PEI

Province hikes nursing home rates by $700 a month

The province is changing the way it increases the rates at provincial long-term care homes after concerns were raised that the plan would mean a 27 per cent increase in just two months.

Phasing increase in over 2 years instead of 2 months

The province says they have 600 residents currently living in public long-term care facilities. (Shutterstock)

Islanders who live in government-run long-term care facilities are facing a rent increase as the province is set to raise the rates on April 1st.

The province recently sent out letters notifying residents the rates would be going up by almost $23 a day.

That would be around $700 more a month — a 27 per cent rate increase that was to take effect over two months.

Original plan for the rate increase

Daily Rates

Date of Increase

$80.00 Feb. 1, 2019
$93.39 March 1, 2019
$102.73 April 1, 2019

Health and Wellness Minister Robert Mitchell backtracked on Monday saying the increases were coming too fast.

"Obviously, I spoke to a lot of families of Islanders who are affected," he said.

"We have asked Health PEI to look at and put forward a two-year transition."

Health Minister Robert Mitchell says the province will increase the transition time of the rate increases from two months to two years to allow the residents to better adjust to the new rates. (Sarah MacMillan/CBC)

That $700 increase will now be reached gradually over two years instead of just two months — with the plan now to raise the rates every six months by $5 a day.

The $700 increase affects about 90 residents who pay the full rent without getting any subsidy.

The province's Prince Edward Home in Charlottetown has 120 beds. (Randy McAndrew/CBC)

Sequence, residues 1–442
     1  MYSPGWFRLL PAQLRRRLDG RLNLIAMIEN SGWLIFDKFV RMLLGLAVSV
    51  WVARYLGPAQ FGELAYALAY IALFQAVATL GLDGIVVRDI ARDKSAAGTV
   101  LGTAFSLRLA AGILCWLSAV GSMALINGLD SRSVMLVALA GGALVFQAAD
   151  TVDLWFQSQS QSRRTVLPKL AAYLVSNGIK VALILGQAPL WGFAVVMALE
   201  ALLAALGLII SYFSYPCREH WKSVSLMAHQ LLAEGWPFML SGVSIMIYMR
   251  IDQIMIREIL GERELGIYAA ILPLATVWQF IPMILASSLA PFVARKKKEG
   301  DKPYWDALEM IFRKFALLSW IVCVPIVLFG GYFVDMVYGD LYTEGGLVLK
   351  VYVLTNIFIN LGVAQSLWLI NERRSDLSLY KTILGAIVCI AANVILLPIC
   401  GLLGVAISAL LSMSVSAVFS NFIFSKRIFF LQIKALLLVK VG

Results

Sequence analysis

Word of the increase at the public long-term care homes was a concern at the local Seniors Active Living Centre.

"I've had my father in a nursing home and they're wonderful ...  but that amount of an increase in one jump seems astronomical to me," said Norva Vessey.

"It doesn't seem fair, and with government going into an election year, this is a bad time to raise those rates," said Scott MacDonald, president of the Seniors Active Living Centre. "Seniors have a big voice on the Island." 

Beach Grove Home in Charlottetown is one of the province's long-term care facilities that will charge $102.73 daily for new residents after April 1, 2019. (Randy McAndrew/CBC)

The health minister said hearing concerns like that, led to the change of plans.

"By April 1st, that would have been in place for those 90 affected residents and that is quite the burden to place on them, so obviously an oversight," said Mitchell.

"An oversight, especially on my part to not have picked that up so when it was brought to the attention, obviously the right thing to do is to extend that transition piece so that is now two years versus two months."

The government says it needs to raise the rates to cover increasing costs and be more in line with what private nursing homes charge.

New residents will have to pay new rates as of April 1

Mitchell said there had not been a change in the rates for the past seven years. 

The newly announced gradual increases are just for those living in the province's long-term care homes now.

Any new residents who move into the province's nursing homes after April 1st will have to pay the full rate increase right away.

Health PEI said there are currently 600 residents living in public long-term care facilities on P.E.I.

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With files from Laura Meader